Epic Bandol Tasting with the Wine Guild of Charlottesville (Guild Office): An instant classic! Pradeaux is one of the major, well-known houses in Bandol, up there with Tempier, et al. This wine is precisely why that's the case...and the nose/palate run the gamut in terms of what you tend to expect from "typical" great Bandol. More than anything else, there is the gaminess: grilled animal with tons of Provençal herbs and black pepper and savory grittiness with a nice smokiness in the background. I can think of few wines that would better complement grilled red meat (especially lamb, as we found out). Beyond the grilled meat, there were little pockets of interest all over...like tart berries, raisins/prunes, fresh salami, barnyard funk, a little oak, and this character that I can only describe as "lush forest in the springtime". All of this played back and forth with the bright acidity and big round tannins (both of which will help this wine age for 20 years), and it wrapped up with a long, tight finish. It was a pleasure to get to try this wine right now, but even at 6 years from the vat, I think it's still young. Buy some, lay it down, forget about it for a decade...you will thank yourself.
Red
Epic Bandol Tasting with the Wine Guild of Charlottesville (Guild Office): This was a perfect bellwether for the red lineup: even though it was opened early and decanted, this wine underwent changes over the course of the evening that were simply astounding. At first, it was all nerve and alcohol. Bright, acidic, hot, jumpy. However, by the second bottle, around 7:00, it started to suddenly blossom into a calmer, more focused wine. The alcohol hotness disappeared, and the nervy acidity softened up considerably. In addition, there developed a very clean-cut, precise profile with bright fruit, more new oak than the other wines, and clear potential. Definitely the cleanest of the night, not displaying any of the funky earthy barnyard qualities.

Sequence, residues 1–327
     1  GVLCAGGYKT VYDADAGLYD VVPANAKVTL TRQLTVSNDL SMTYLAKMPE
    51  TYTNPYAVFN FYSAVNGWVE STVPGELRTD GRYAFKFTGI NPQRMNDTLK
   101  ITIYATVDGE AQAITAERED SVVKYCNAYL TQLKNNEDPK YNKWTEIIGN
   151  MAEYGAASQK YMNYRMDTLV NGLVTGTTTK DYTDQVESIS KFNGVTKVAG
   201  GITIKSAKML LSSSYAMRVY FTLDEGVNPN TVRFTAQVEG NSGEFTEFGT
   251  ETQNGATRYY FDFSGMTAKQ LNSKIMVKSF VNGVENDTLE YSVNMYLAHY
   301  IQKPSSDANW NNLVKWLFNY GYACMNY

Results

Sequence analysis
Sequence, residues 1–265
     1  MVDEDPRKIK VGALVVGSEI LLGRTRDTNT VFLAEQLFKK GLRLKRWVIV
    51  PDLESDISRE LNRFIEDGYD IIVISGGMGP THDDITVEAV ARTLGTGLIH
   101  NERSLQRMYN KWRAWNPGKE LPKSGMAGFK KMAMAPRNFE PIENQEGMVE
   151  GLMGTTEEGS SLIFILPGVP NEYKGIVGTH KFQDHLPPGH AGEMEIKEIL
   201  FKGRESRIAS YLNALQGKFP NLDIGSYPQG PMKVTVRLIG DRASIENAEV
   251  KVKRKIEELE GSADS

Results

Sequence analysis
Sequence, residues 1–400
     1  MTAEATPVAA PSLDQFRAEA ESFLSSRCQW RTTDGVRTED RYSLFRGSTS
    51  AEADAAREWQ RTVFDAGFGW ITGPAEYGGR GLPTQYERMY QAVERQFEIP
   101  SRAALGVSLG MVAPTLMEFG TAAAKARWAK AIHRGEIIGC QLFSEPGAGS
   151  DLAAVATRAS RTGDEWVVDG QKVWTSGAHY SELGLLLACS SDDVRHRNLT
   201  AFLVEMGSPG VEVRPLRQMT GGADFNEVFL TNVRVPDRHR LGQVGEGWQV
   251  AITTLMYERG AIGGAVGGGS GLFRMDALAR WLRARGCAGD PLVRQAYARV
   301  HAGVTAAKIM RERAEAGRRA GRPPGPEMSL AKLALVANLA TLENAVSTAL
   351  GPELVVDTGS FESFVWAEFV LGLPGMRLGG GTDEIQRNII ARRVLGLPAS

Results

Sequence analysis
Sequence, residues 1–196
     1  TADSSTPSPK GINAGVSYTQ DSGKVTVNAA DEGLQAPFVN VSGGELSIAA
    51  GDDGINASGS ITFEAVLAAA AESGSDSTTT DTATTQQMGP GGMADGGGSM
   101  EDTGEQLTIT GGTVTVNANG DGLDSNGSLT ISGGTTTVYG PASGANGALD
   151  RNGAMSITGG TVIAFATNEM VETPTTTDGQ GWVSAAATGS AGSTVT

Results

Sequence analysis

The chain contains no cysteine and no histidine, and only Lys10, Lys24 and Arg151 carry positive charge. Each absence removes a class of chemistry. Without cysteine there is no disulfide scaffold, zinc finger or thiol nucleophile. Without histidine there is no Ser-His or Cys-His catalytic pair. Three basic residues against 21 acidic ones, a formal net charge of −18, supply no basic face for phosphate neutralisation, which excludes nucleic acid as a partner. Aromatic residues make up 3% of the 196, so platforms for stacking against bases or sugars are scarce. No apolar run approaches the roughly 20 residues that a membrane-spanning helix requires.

Red
Epic Bandol Tasting with the Wine Guild of Charlottesville (Guild Office): Talk about a sea change---same producer, different year, select grapes---magic! This was one of my top picks of the night (for the money, it's at the top). Huge, complex, leaping out of the glass with classic Mourvedre aromas of...sage, rosemary, graphite, dry earth, hot stones, grilled meat, old caves, must, cassis, figs...I could go on. There's so much for everyone in this wine, and what's more, it really didn't have any discernible flaws on the palate. The mouthfeel and weight was almost overwhelming, with bright acidity and grippy tannins to balance the big fruit. And while it's a very precise, delineated wine, it is by no means squeaky clean---there's plenty of rustic funk, especially on the nose. For me, this is the total package. Value of the night, hands down!
Red
Epic Bandol Tasting with the Wine Guild of Charlottesville (Guild Office): After being floored by the 2004 version of this wine at our Potomac tasting last year (on South Street Inn's veranda), I had high expectations, and this simply did not live up to them. Now, granted, it certainly got better by the time the night was over, but it just didn't seem to have that classic structure and depth that the '04 had in spades. I certainly wouldn't turn it down if someone pushed a glass my way, but it seemed a bit one-dimensional. All in all, it was just well-made, but unexceptional wine.
Red